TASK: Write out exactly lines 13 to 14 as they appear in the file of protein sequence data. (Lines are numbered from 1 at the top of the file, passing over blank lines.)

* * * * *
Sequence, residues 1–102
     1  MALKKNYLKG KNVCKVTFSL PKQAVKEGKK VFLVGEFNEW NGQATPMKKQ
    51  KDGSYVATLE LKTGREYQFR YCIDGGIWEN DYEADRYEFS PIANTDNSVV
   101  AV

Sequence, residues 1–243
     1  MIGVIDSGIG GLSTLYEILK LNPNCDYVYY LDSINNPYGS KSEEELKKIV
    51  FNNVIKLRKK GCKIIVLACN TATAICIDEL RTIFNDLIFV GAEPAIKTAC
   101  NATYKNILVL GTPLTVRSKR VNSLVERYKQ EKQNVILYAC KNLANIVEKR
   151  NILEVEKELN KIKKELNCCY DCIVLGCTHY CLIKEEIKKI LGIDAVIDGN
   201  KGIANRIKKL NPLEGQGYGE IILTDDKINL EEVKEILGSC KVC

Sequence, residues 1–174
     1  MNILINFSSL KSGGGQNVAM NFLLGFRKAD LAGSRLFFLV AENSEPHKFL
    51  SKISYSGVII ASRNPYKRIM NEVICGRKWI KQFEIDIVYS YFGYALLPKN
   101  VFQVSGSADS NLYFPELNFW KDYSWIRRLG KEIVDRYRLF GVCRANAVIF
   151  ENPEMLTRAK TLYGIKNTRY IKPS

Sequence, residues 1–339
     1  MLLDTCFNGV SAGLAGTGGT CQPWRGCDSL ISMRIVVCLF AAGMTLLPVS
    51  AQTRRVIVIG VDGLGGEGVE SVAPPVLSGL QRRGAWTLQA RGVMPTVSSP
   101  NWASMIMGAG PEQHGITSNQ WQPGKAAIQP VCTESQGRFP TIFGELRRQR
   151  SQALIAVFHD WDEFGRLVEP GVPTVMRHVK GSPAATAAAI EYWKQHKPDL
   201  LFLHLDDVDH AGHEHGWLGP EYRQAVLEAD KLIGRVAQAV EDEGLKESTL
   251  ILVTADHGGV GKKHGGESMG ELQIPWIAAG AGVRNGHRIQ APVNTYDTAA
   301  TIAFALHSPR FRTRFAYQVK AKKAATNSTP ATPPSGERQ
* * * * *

    51  SKISYSGVII ASRNPYKRIM NEVICGRKWI KQFEIDIVYS YFGYALLPKN
   101  VFQVSGSADS NLYFPELNFW KDYSWIRRLG KEIVDRYRLF GVCRANAVIF